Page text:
Bitter Sweet (I) – National Art Gallery – Guyana

Bitter Sweet (I) – Cassava Culture – Exhibition/Art Residency – Curator Elfrieda Bissember – National Art Gallery, Guyana, 2003 –  ACE & Sponsor Partners

Manioc – Spree – Cassava Project ©SALT glass studios

Previously classified as merely a domestic sphere of subsistence, the cultivation of the bitter cassava plant (Manihot esculenta) within Amerindian culture has been a neglected field of study. While historically serving as a vital source of subsistence and main source of carbohydrate in Amerindian societies throughout South America and the Caribbean, the role of the cassava plant and associated culture envelop a world of Amerindian expression associated with the cassava plant’s toxic tubers and purification cycle articulated through the creation of an array of food byproducts, artifactual forms, iconography and ritual.

The installation and art residency Bitter Sweet reveals a complex lexicon of imagery, voices and temporalities on the role of the bitter cassava plant drawing from recorded discussions with Guyanese communities and the visiting public which discloses cassava not only as a complex source of social memory but point of negotiation as part of Guyana’s complex national heritage and currency within the global eco-tourism art market.

Cassava Cycle – SALT glass studios©

Revered and celebrated, for centuries Amerindian societies have devised complex technologies, systems of knowledge and cultural practices, creating and using artifacts such as the woven matapi and wooden grater, in the creation of a wealth of cassava products  including breads, tapioca, beer and cassareep (bittersweet preservative) which serve as currency in maintaining traditional socio-cultural practices, social memories and identities.

Cassava Forms ©SALT glass studios

With a dependency on different levels of transparency, multiple readings and and authenticities, the residency and exhibition Bitter Sweet discloses a series of image and sound projections and glass prints of cassava culture’s transitional role as currency of mediation and exchange as consumable imagery, performed, displayed and collected, nourishing a desire for mementos seemingly representing the quintessential ‘real thing’. Such mementos and associated artifacts, from the apparently simple utilitarian woven matapi vessel, to the donned feather headdresses used for traditional drinking sprees are synonymous with Amerindian cassava culture’s role  as a currency of mediation in the 21st century.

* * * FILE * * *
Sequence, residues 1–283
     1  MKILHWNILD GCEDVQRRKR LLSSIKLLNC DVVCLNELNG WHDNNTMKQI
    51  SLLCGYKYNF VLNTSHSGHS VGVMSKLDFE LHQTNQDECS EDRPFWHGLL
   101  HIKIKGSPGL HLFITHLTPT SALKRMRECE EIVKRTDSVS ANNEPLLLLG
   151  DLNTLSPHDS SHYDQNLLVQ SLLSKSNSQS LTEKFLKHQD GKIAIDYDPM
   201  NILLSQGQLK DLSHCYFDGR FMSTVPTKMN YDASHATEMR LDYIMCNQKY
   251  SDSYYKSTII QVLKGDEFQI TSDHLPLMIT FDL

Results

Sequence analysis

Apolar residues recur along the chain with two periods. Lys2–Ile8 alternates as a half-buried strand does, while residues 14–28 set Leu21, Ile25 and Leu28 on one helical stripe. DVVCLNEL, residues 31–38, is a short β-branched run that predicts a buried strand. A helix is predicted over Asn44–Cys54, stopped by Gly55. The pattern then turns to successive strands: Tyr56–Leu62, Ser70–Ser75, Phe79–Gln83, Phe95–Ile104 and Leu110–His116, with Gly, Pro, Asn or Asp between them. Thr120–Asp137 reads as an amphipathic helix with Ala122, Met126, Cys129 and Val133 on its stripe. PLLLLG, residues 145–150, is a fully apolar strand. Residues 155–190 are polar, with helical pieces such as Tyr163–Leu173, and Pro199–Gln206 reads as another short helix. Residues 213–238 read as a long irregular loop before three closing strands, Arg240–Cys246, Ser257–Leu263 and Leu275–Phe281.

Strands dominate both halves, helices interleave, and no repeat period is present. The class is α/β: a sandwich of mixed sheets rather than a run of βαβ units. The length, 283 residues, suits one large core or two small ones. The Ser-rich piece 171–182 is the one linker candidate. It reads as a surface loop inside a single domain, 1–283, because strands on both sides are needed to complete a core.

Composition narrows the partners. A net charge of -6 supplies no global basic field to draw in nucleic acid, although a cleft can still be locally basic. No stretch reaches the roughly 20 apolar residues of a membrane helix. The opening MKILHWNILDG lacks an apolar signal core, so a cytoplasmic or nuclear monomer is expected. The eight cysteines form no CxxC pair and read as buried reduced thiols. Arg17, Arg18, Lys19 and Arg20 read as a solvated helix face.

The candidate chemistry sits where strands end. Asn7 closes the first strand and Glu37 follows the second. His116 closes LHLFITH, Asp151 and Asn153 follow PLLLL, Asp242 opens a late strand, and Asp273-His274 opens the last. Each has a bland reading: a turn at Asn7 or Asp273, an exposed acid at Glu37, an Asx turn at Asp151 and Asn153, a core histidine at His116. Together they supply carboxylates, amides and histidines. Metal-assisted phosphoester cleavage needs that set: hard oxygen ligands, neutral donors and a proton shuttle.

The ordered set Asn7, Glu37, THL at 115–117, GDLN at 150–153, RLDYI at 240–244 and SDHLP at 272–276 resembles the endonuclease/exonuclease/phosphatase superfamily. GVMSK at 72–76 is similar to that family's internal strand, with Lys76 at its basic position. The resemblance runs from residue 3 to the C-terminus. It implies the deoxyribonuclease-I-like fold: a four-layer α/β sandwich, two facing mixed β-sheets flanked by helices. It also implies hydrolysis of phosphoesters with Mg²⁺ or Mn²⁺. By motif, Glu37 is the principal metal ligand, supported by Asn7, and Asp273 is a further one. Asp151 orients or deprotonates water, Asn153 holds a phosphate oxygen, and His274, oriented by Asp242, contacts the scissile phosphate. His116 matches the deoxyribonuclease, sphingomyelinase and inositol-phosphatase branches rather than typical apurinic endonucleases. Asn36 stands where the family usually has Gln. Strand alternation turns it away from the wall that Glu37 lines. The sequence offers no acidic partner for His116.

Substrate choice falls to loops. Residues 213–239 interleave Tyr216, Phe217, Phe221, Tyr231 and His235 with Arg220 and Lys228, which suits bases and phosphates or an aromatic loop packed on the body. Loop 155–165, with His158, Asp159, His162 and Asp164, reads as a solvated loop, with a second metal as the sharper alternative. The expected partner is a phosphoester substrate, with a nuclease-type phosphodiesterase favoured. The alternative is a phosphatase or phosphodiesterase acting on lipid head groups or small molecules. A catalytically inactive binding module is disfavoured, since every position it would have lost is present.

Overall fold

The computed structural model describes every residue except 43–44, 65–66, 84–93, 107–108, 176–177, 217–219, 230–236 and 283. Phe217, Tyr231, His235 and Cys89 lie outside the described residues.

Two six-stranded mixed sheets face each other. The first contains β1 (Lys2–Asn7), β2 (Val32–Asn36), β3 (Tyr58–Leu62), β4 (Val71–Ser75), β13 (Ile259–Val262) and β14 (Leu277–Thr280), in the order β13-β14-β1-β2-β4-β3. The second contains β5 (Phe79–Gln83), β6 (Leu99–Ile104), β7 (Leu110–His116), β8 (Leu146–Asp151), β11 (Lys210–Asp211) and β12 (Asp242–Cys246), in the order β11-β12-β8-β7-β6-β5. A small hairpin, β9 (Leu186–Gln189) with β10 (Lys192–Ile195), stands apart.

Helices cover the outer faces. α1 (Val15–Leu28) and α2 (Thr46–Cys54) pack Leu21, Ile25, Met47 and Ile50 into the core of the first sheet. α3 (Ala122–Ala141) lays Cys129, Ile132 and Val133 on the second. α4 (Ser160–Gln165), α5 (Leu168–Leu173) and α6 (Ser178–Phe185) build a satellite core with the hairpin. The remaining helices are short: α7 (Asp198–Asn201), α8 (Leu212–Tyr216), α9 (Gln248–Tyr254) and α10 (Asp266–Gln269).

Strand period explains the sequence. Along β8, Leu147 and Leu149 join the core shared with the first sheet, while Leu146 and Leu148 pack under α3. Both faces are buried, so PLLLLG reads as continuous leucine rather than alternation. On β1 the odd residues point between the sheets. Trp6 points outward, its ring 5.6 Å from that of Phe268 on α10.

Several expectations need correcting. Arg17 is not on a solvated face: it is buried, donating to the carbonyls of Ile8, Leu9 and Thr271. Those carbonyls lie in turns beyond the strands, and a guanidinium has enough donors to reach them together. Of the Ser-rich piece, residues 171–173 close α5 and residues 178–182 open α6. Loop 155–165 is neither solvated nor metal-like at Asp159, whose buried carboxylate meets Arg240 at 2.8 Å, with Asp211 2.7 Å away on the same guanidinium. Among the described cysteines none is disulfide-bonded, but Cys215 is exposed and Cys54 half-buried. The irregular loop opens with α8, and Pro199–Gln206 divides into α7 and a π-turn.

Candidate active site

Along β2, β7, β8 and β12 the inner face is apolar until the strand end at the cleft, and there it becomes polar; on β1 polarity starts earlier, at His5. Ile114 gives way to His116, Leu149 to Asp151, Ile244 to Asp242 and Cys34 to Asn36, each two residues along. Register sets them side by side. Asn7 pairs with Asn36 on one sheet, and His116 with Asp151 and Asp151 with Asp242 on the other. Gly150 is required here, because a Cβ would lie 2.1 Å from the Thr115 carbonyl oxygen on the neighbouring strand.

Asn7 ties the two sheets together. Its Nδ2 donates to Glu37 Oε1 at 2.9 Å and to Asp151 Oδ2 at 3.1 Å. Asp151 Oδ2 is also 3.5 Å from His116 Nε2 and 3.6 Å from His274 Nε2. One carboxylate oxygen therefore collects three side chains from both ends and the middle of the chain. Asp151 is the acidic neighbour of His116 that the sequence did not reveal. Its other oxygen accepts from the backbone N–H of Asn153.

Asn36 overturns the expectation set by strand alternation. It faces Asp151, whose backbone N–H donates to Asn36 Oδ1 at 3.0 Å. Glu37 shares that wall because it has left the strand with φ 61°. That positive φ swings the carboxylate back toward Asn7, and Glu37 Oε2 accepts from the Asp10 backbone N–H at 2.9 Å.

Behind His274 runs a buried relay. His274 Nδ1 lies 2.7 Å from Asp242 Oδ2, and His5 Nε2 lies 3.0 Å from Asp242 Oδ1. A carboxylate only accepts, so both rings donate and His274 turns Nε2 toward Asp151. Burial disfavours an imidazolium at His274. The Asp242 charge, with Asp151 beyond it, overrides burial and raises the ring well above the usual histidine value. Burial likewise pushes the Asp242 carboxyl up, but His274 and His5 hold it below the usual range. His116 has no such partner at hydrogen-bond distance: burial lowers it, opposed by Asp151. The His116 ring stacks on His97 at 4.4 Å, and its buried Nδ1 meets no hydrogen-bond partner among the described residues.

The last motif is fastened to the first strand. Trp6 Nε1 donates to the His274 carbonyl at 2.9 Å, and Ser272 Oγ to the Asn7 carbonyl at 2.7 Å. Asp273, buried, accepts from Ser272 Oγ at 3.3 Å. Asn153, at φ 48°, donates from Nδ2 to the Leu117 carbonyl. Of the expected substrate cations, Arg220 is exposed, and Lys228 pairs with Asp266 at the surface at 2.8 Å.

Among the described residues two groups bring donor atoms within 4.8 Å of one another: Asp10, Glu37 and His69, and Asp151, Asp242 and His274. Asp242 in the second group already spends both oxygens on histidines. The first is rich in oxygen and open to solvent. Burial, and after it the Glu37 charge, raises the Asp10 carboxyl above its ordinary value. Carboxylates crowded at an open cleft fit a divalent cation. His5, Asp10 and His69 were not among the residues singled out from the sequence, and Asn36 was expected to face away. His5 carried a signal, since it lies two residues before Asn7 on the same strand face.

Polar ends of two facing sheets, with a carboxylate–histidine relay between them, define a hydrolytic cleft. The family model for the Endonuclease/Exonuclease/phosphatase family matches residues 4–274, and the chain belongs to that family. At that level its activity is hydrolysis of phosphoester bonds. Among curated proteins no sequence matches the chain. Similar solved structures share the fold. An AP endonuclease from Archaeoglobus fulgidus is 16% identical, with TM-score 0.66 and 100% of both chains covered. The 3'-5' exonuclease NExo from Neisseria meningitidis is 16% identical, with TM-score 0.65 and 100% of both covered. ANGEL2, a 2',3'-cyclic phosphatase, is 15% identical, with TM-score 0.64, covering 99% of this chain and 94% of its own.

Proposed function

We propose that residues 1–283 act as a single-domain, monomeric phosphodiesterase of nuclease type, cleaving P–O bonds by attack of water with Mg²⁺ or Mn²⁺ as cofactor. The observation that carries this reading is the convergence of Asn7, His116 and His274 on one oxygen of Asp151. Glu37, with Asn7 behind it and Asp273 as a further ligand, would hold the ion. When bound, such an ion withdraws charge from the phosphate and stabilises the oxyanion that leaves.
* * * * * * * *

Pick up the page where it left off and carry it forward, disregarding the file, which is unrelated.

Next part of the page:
Shodewika Ritual – National Gallery Guyana ©SALT glass studios

Bitter Sweet installation of multimedia projections also draws from discussions with the Waiwai Amerindian community on the Shodewika ritual performed to celebrate the cassava harvest and as part of a complex social, political and cultural economy associated with a body of social memory and rich iconography.

The Carib-speaking Waiwai live in the southern forests of Guyana near the Brazilian border perform the Shodewika ritual in which cassava tapioca is exchanged for meat is an ritual encompassing notions of nourishment, conception, and rebirth.

Documented by earlier colonial writers as ‘… the southern tribe of the territory…’, the Waiwai were renowned for their ‘… pale skin…’ , and known as the ‘Indios do Tapioc’ and they were considered by many as the legendary ‘… wild and beautiful… White Indian[s]…’ (e.g.Guppy,1959). The name Waiwai (a term derived from the Amerindian for tapioca) was given to them by their southern neighbours the Wapishana, on account of their liking for tapioca and starch foods (e.g. Roth,1929; Fock,1963). The processing and ritualised consumption of tapioca, such as that documented by Fiona’s photographs, disclose how cassava culture serves as powerful imagery of identity.

The Waiwai continue to perform the Shodewika ritual, which combines elements of both Christian and traditional belief systems revolving around the processing of tapioca yauyukún (tapioca drink) as a powerful fertility image of ancestral property, the ritual culminating in the reciprocal exchange of cassava tapioca for meat, as a metaphor of marriage and consummation.

Dr Wilkes is indebted to the Amerindian communities and institutions and sponsors in Guyana and the UK for their generosity of guidance, knowledge, enthusiasm, support and hospitality during this project.

http://www.gina.gov.gy/archive/releases/pr030909.1.html